Harvard is teaming up with Pennsylvania State to deliver a series on the future of journalism given the increasing role of NGOs in producing news. Can NGOs fill in for ever-shrinking foreign correspondence budgets? Should they be allowed to? When NGOs play by the media's rules, sexing up and dumbing down their observations to accommodate the general reader, do they compromise their primary mission of advocating for change?

One immediate observation is that the series, available at the Nieman Journalism Lab, does not attempt to define what an NGO is. As comments on the series correctly point out, national news programs like ABC and NBC are NGOs themselves, confusing the question about whether NGOs should be in the role of producing news.

The first article in the series says NGO participation in news production is a hand's down success. The NGOs discussed are ones specifically meant for the independent reporting of news such as the Pulitzer Center for Crisis Reporting and the International Reporting Project. Both organizations award grants for overseas reporting to capital-J Journalists.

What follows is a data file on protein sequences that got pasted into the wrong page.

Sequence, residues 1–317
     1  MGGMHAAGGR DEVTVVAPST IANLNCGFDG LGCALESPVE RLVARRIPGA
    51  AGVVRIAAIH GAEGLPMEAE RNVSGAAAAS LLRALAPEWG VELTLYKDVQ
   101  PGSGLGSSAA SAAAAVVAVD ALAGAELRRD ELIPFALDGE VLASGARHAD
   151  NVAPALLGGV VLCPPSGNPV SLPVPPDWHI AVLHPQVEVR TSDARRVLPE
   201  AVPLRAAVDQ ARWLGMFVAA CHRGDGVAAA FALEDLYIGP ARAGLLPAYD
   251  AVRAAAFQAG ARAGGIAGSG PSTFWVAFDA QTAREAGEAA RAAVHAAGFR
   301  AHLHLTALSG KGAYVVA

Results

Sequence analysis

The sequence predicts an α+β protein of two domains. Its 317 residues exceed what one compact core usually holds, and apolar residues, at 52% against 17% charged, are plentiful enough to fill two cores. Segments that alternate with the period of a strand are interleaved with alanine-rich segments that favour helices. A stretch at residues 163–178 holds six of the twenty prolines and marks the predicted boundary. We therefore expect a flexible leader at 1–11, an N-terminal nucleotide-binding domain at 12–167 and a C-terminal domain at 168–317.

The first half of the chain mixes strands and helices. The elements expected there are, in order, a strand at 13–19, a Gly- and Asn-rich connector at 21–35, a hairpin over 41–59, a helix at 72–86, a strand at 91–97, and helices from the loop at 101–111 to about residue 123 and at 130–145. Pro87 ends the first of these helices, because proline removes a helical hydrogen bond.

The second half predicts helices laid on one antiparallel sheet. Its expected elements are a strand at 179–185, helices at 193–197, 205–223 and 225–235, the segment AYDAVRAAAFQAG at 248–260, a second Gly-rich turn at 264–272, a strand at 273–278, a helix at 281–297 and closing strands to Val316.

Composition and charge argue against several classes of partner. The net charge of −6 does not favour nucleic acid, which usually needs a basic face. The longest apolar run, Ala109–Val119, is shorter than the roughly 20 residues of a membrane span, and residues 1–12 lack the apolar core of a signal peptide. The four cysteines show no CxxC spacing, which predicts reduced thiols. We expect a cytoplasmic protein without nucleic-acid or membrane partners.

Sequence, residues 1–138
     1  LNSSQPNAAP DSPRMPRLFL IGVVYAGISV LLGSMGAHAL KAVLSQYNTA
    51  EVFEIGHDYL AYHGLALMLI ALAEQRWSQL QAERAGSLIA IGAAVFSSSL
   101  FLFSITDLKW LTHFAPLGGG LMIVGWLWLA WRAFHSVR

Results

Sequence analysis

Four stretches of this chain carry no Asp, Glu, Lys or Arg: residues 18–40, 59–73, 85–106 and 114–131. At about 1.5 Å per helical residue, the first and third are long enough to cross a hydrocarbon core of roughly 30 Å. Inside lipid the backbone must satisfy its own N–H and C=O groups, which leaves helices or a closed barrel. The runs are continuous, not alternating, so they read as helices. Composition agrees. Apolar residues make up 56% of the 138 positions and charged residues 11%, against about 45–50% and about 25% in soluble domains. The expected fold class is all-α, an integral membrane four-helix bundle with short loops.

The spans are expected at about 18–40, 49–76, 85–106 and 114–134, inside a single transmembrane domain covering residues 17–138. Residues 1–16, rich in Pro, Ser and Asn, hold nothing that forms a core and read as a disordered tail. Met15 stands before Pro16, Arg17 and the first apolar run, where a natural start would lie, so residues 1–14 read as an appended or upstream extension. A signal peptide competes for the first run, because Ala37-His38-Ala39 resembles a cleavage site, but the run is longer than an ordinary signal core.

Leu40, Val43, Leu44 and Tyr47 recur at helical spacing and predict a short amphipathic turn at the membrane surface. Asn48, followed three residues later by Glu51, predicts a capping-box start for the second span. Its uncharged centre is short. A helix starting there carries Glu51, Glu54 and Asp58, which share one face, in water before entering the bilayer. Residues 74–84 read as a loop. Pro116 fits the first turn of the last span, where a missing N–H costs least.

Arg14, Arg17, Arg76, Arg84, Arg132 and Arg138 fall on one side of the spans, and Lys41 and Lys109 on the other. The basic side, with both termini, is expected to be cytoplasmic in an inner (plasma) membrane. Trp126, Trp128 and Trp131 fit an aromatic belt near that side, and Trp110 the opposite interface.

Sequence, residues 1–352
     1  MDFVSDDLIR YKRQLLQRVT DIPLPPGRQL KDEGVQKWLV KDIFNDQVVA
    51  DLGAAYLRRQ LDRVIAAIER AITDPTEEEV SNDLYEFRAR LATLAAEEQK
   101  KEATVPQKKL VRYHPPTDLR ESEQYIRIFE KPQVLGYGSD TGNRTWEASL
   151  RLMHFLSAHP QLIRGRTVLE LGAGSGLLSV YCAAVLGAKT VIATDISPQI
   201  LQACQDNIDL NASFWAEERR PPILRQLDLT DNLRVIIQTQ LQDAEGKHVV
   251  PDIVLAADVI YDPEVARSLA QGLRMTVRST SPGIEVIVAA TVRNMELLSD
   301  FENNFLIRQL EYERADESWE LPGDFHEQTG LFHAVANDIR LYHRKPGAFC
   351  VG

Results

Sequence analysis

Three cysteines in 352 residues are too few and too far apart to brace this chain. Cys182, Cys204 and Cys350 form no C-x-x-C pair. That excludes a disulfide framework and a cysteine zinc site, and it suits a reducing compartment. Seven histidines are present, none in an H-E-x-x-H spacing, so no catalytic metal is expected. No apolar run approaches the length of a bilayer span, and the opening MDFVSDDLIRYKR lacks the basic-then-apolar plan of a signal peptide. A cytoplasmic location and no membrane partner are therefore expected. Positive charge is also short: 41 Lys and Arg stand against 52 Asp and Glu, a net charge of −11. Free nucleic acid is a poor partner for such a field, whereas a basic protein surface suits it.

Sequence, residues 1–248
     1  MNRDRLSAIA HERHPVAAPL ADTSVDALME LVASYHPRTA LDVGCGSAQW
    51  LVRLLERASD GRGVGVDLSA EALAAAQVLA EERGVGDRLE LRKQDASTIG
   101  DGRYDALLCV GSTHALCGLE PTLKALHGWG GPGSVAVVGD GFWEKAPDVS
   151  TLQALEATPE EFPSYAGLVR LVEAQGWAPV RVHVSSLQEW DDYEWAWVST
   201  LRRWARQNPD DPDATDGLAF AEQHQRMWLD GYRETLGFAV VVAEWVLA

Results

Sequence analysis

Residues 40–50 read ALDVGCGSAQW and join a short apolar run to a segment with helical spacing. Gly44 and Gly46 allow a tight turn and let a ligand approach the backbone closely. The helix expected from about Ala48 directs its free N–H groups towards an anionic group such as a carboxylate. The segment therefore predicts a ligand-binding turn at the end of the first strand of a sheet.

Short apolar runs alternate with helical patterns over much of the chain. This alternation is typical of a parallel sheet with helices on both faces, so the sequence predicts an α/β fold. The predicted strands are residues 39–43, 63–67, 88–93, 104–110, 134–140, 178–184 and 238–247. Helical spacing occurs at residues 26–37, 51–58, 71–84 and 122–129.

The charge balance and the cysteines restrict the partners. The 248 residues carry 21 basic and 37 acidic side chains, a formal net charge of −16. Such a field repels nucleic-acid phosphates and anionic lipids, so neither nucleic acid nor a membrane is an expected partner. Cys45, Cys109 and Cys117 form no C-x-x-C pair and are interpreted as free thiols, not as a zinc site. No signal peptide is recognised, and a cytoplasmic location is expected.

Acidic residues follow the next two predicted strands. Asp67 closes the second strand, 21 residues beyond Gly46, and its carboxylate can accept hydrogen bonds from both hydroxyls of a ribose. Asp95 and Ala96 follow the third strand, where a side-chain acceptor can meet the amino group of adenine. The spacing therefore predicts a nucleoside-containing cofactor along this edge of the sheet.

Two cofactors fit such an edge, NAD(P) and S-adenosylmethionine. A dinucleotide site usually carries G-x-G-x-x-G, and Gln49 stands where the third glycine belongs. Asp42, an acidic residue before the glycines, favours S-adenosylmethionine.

The second article takes a more critical view because it discusses more commonly thought of NGOs like the Red Cross and Oxfam.

In a clear case of Orwellian newspeak, the authors refer to the media's love of sensational journalism and celebrity as "media logic" and then criticize humanitarian NGOs for obeying it.

Celebrity means both Hollywood and Nike to NGOs. If an unsavory issue like female genital mutilation is to be discussed, a movie star like Kate Blanchet can better sell the story to media organizations. And to get media attention in the first place, NGOs must cultivate a brand, the Red Cross being the humanitarian equivalent of the Nike Swoosh.

When I covered the U.N. Climate Change Convention in Barcelona, the floor of the convention center looked like a business convention. Each NGO had its own booth with literature to promote its message; Oxfam stood outside the press conference room with its own press releases getting its message directly into the media's hands.

The series on NGOs and the News will continue for three months, with one new article each week.